In the months that followed the alert, even stronger evidence against the claimed shipment emerged. Based on interviews, the historian Jeffrey Richelson discovered that the United States had tested the radiation detector involved in the incident and determined that the sensor “was less than completely reliable” and would “often ‘detect’ such radiation when it was not present.”

Not everyone was convinced, of course. In 1983, Gen. George Keegan, who had served as the Air Force’s intelligence chief during the crisis, was still asserting that the shipment had taken place. He claimed that, to interfere with U.S. detectors, the Soviet freighter had created a “magnetic anomaly protection boom.” (No, the authors of this piece have no idea what that is, and one of us has a Ph.D. in physics.)

As tenuous as General Keegan’s pseudoscientific claims were at the time, they now look even further divorced from reality. After the end of the Cold War, the United States discovered troves of previously unknown details about Moscow’s nuclear weapons program. For example, within a month of the Soviet Union’s collapse, former Soviet officials had informed their U.S. counterparts about a previously unknown shipment of nuclear-armed cruise missiles to Cuba in 1962. But in the decades since the 1973 alert, no evidence from the Soviet Union or Russia about a warhead shipment to Egypt has emerged. On the contrary, the one English-language history of the crisis written by a Soviet official notes reports about the “transport of nuclear material” but then explicitly denies that the Politburo even discussed “the deployment … of weapons of mass destruction.”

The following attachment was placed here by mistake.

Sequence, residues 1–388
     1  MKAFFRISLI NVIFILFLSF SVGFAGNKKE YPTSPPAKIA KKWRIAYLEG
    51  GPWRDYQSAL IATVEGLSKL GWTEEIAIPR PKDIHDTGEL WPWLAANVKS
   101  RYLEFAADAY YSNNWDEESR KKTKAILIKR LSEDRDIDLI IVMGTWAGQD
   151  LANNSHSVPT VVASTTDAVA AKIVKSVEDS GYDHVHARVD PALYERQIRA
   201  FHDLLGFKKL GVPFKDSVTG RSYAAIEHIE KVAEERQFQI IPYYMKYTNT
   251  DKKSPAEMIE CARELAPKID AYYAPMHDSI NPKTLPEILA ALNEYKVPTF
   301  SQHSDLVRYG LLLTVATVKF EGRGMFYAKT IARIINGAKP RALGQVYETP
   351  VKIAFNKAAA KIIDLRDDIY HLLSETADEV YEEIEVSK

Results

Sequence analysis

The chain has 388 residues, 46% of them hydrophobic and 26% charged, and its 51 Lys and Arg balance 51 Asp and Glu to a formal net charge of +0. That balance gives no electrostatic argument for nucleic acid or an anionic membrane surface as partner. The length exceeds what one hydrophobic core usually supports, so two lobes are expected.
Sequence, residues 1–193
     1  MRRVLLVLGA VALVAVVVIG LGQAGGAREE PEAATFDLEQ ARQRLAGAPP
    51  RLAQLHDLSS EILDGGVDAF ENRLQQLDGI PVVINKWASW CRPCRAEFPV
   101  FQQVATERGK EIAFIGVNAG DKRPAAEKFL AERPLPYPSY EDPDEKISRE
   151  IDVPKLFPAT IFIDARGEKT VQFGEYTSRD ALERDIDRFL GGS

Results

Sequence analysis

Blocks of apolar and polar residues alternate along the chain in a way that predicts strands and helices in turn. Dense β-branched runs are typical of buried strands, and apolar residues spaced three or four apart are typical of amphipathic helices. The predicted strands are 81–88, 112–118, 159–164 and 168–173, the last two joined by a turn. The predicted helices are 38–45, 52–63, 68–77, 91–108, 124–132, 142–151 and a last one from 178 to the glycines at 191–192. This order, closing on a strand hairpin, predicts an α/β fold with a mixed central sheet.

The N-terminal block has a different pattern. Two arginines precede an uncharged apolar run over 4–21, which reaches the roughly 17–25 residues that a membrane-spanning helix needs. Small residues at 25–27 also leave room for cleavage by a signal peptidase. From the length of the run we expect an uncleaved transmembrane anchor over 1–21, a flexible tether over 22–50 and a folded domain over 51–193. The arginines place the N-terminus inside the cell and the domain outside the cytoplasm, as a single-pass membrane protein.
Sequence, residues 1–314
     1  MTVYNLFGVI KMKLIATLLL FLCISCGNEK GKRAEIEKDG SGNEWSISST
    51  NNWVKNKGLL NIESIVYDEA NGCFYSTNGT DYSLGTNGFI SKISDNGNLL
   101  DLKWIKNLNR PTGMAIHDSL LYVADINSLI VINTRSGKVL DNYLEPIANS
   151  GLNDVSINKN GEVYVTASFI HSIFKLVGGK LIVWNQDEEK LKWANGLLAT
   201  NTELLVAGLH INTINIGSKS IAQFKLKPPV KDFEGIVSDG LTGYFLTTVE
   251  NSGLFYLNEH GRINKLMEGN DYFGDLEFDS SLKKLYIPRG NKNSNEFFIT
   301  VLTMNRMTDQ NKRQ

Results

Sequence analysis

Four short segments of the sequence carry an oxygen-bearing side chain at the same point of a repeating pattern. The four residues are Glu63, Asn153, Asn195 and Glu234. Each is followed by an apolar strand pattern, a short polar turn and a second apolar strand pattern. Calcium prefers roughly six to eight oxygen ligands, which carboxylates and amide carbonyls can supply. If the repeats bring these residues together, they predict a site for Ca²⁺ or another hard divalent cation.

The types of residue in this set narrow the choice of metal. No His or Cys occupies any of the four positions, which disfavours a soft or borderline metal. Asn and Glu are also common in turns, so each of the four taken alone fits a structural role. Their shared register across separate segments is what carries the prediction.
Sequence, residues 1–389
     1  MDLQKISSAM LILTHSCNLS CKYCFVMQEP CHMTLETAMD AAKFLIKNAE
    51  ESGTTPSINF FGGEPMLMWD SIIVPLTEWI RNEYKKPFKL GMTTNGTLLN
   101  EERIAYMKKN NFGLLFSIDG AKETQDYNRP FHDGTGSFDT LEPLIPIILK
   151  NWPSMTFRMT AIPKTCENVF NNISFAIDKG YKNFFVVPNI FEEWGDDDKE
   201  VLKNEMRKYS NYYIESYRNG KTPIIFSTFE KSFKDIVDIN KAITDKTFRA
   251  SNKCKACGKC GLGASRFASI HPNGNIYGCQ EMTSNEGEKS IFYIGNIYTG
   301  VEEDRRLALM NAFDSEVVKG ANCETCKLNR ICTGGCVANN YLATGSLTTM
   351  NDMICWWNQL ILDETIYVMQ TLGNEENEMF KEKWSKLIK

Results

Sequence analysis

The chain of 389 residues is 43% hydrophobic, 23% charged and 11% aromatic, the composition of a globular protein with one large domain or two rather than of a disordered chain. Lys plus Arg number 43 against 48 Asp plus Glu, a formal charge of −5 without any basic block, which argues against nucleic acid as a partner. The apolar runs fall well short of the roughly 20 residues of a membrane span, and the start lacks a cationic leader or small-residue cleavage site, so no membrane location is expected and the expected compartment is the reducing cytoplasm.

The detection of nonexistent warheads in 1973 is more than a historical curiosity. In a contemporary crisis or conflict, modern dual-use delivery systems could create a similar danger by leading one protagonist to conclude that an adversary had deployed nuclear weapons when, in fact, it had not.

All nuclear-armed states, apart from the United Kingdom, field such weapons, which include aircraft, cruise missiles, and ballistic missiles. For years, the risks associated with using such weapons have been debated. In the mid-2000s, for example, the U.S. Congress refused to fund a program to replace the nuclear warheads on some Trident D-5 submarine-launched ballistic missiles with conventional weapons out of the concern that Russia might misidentify a conventional missile heading in its direction as a nuclear weapon and launch a precipitous nuclear response.

The 1973 crisis points to another danger that has been largely overlooked: the possibility that non-nuclear weapons might be misidentified as nuclear prior to launch. In this eventuality, a state might misinterpret the readying or moving of conventional weapons by an adversary as nuclear threats or even preparations to use nuclear weapons. It might respond by alerting its own nuclear forces. The result could easily be an escalatory spiral driven by mutual misperception.

The first step to reducing these dangers is to be aware of them. The 1973 alert should help by demonstrating that even imagined nuclear weapons can have potentially existential consequences.

James M. Acton holds the Jessica T. Mathews chair and is the co-director of the Nuclear Policy Program at the Carnegie Endowment for International Peace.

Nick Blanchette is a Ph.D. student in political science at the Massachusetts Institute of Technology.